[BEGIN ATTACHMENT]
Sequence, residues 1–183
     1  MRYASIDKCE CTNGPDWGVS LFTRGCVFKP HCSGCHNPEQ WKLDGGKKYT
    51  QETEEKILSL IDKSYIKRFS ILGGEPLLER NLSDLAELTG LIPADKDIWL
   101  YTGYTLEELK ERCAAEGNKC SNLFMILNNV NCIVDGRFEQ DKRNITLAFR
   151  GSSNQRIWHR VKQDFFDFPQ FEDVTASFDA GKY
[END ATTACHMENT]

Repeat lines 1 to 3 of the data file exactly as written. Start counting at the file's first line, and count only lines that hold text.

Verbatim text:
Sequence, residues 1–183
     1  MRYASIDKCE CTNGPDWGVS LFTRGCVFKP HCSGCHNPEQ WKLDGGKKYT
    51  QETEEKILSL IDKSYIKRFS ILGGEPLLER NLSDLAELTG LIPADKDIWL